All countries who tried to play this role since the Arab-Israeli Peace Treaty in 1979 could not fill the void of Cairo. Egypt, even if its role has retreated, represents [one quarter] of the Arab world, its biggest military and cultural force. Egypt owns the historic and geographic qualities, but what it lacks to fill the position is a strong economy and a strategic vision.
A.H.: How do you view the growing relations between Cairo and Moscow?
A. A.-S.: Egypt has opened up to new world powers, whether on the political or on the military level, which has helped it get out of diplomatic isolation.
But relations with Moscow do not mean breaking ties with Washington, and exchanges with India or China do not undermine relations with Europe.
I think that the diversification of sources of arms and the openness to new powers were a good strategic choice, because it has been proven that putting all the eggs in one basket [the United States] marginalised Egypt’s role in the African and Arab world.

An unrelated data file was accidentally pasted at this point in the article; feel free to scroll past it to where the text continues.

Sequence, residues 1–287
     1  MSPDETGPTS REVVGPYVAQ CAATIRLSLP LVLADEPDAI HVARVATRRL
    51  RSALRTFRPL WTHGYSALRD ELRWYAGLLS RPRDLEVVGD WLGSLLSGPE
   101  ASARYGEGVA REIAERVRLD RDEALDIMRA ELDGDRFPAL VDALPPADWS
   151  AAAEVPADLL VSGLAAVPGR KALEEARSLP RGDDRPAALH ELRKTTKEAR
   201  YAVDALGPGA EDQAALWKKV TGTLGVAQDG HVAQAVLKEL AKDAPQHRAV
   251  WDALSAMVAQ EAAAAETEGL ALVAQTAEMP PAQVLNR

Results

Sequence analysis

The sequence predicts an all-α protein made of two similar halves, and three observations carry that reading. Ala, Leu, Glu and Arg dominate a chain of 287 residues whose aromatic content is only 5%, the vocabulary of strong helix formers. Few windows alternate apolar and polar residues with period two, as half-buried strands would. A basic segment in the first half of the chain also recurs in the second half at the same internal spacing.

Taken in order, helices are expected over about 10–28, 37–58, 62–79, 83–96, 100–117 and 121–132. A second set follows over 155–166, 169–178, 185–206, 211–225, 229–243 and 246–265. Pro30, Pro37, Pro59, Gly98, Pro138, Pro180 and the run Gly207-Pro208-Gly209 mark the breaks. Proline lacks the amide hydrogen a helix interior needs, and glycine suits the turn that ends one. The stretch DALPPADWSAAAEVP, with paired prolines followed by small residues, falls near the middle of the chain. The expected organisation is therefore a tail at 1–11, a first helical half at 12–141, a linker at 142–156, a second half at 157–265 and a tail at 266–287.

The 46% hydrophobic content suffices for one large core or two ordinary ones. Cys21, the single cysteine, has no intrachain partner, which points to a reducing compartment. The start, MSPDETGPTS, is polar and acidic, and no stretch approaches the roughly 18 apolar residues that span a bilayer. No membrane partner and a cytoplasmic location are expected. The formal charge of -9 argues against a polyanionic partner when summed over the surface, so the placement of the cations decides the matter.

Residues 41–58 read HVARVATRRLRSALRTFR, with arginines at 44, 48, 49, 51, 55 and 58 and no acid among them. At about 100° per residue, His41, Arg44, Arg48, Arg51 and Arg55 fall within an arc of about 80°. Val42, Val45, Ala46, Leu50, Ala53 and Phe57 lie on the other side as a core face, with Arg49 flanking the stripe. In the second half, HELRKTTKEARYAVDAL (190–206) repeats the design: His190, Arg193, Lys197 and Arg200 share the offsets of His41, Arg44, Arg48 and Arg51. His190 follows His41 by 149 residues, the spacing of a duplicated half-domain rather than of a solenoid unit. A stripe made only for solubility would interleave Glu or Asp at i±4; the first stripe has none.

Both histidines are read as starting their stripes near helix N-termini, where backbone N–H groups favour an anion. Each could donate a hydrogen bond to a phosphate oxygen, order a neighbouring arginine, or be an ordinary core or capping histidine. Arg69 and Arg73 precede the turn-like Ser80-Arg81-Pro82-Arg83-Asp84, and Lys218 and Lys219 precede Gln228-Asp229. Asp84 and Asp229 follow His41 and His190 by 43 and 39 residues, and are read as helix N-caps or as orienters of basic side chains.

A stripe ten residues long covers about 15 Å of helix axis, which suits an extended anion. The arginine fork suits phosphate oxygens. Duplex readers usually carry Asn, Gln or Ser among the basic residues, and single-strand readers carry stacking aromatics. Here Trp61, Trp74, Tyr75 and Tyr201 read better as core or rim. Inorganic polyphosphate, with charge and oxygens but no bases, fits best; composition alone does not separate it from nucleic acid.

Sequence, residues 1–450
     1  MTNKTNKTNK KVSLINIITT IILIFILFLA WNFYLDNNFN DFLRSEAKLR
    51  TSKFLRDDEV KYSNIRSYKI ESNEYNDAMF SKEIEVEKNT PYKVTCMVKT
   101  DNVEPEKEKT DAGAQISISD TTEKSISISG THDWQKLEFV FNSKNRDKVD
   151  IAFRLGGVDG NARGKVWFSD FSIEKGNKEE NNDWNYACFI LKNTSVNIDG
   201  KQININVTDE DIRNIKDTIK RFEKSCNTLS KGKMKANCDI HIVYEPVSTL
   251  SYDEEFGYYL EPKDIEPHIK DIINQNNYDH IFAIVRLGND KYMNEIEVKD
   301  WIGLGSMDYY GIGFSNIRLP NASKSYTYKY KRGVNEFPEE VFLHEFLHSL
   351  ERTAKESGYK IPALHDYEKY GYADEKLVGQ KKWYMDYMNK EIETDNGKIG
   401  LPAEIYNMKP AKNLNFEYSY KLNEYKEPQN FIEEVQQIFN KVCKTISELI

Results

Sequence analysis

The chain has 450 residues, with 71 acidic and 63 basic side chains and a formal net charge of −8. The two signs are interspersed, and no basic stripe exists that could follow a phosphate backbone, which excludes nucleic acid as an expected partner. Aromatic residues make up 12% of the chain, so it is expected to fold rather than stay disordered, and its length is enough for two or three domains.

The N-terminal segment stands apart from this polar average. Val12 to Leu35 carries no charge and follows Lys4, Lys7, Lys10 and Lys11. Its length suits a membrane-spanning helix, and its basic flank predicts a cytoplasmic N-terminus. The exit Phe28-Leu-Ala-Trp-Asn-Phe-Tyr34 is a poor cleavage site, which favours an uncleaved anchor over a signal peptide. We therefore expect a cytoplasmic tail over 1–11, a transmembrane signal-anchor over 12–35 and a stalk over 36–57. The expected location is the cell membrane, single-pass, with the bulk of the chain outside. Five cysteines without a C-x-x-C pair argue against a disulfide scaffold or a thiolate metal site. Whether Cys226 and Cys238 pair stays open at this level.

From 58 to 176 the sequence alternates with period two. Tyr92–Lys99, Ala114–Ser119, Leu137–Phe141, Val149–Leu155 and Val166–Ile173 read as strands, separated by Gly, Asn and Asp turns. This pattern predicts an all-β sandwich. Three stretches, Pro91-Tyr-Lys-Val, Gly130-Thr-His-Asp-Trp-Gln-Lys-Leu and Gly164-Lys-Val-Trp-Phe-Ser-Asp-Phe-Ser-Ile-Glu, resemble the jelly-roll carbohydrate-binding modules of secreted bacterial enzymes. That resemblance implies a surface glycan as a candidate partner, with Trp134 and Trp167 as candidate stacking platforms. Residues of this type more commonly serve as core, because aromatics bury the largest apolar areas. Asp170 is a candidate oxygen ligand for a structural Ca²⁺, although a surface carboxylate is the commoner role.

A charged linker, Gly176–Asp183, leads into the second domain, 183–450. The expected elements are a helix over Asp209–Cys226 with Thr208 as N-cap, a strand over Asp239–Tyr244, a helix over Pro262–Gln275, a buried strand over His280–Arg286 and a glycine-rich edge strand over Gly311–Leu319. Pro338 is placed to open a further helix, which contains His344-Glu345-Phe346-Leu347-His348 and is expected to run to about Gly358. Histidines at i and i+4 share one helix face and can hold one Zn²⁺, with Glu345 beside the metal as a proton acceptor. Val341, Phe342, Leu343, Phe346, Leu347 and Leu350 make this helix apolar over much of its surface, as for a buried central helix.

A.H.: In the context of a war against terrorism, Egypt has called several times for an international intervention in Libya. What do you think of the Libyan political settlement and the impact of the conflict on Egypt?
A. A.-S.: Egypt wishes for an end to the conflicts that tear Libya apart, a country it shares a 1,200 kilometre border with. After the fall of [Libyan president Muammar] Qaddafi, 80 percent of the smuggling of arms to Egypt has come from Libya, so the main concern for Egypt is to secure its western borders. [Egypt's concern also ties into Libya's] strategic and economic importance as an Arab country.
The United Nations project involving Libya stipulates installing a national consensus government, but the problem is that there are no real guarantees that this government would enforce security, disarm the militias and direct its weapons at [the militant groups] ISIS, Jabhat Al-Nusra and Ansar Al-Sharia. Hence, Egypt’s worries.
*This interview was first published by Ahram Hebdo, Ahram's French-language weekly newspaper.